Christian Girls Shot in Indonesia's Tense Poso Region

Wednesday, November 9, 2005

Wednesday, November 9, 2005
By BosNewsLife News Center

JAKARTA, INDONESIA (BosNewsLife)-- Two Indonesian Christian girls were fighting for their lives late Tuesday, November 8, after they were shot in the head in Indonesia's tense Poso region where three other Christian girls were beheaded last week, an influential religious rights organization said.

In a statement to BosNewsLife, the Washington-DC based group International Christian Concern (ICC) said it has "just become informed of a second attack on young Christian girls in Poso" in Central Sulawesi province.

"Ivon, 17, and Yuli Siti Nuraini, 17, were shot in the head. [The incident happened] in the Gatot Subroto area of Poso near a Pentecostal church at 7:45 pm local time," added ICC, which investigates religious persecution.

"The girls are both in comas and in critical condition. We are waiting for further reports," ICC told BosNewsLife.


The reported attacks were seen as an embarrassment for Indonesian police which had beefed up security in the Poso area after machete-wielding men on Saturday, October 29, beheaded three teenage Christian girls while they walked to their private Christian school. There have been reports that suspects of the beheadings are in custody, but have not been formally charged, ICC said.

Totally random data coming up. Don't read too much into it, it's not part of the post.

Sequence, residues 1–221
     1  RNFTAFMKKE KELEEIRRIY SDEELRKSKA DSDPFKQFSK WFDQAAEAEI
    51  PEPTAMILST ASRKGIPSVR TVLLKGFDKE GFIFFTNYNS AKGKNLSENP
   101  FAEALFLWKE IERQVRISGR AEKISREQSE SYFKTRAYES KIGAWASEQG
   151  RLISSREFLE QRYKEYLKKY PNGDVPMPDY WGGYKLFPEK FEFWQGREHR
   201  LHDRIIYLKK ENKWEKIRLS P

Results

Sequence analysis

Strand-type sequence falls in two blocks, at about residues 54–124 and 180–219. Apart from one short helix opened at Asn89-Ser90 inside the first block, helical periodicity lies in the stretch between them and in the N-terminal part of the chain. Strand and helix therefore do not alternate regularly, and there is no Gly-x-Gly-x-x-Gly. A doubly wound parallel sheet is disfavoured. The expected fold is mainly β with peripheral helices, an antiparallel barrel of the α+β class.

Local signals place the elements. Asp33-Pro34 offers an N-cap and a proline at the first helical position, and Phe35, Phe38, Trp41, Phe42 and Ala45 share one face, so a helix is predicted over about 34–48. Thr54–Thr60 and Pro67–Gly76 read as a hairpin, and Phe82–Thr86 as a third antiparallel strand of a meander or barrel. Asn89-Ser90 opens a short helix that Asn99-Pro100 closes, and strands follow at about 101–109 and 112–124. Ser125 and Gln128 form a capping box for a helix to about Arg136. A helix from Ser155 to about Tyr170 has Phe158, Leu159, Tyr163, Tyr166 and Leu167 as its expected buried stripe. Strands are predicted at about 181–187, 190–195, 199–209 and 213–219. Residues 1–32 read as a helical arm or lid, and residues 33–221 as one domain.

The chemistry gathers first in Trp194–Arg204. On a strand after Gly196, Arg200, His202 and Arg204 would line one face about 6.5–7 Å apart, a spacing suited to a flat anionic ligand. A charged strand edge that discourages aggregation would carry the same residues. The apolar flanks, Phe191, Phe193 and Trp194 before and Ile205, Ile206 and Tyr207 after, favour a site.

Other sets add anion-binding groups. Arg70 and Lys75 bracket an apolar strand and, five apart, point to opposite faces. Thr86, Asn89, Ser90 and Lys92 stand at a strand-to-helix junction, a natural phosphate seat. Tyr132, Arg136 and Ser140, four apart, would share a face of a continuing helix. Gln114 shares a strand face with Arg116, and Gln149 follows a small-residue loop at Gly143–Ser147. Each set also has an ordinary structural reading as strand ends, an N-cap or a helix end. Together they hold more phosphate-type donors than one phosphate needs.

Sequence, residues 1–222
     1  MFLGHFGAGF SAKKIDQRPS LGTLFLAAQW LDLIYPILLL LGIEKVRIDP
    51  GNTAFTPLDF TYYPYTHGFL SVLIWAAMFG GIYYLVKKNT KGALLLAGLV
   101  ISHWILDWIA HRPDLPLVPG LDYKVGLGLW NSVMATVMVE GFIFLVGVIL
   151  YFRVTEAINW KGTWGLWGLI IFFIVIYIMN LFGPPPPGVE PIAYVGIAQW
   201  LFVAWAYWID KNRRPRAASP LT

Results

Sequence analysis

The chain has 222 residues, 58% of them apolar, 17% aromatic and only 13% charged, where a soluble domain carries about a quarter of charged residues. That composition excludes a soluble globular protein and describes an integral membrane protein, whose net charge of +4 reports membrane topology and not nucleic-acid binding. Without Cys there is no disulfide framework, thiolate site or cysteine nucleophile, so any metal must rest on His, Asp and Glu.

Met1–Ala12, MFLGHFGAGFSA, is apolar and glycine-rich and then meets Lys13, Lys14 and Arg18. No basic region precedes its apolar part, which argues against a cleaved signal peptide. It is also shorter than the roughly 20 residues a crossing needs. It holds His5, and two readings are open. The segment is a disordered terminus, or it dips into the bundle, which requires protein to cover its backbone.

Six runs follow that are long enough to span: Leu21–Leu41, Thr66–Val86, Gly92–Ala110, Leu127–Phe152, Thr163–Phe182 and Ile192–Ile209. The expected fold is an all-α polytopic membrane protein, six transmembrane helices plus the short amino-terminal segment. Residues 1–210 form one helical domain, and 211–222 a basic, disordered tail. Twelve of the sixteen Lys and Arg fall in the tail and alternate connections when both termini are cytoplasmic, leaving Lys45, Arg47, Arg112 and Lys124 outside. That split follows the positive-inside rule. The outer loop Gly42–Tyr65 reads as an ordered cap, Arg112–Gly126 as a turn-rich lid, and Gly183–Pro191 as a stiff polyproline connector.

Tuesday's attack in Poso, about 1,500 kilometers (900 miles) northeast of the capital Jakarta, underscored "the level of danger to Christians in the Poso area," the organization added.

"This attack comes on the heels of 40 or more attacks against the Christian community, including shootings, killings, and major bombings. There have not been any convictions or arrests in any of these attacks."


The violence has raised fears of renewed massive religious bloodshed in Sulawesi and Poso in particular, where fighting between Muslims and Christians killed about 2,000 people from 1998 through 2001, when a peace deal was agreed.

It also comes amid growing concern among human rights groups about what they regard as increased Muslim violence against Christians in Indonesia. Last year and 2003 already saw "a series of assassinations of pastors and Christian leaders," ICC stressed in recent published remarks.

In addition hundreds of churches, including over 30 churches this summer, have been forced to close down in Indonesia by Muslim militants and local authorities, several human rights investigators have said.

The central Indonesian government has promised it will crackdown on Muslim extremism, but religious rights workers say more has to be done to avoid escalating violence in Asia's largest Muslim nation of over 225-million people. (ICC can be reached on the Internet via: With BosNewsLife's Stefan J. Bos, BosNewsLife Research and reports from Indonesia and Washington).

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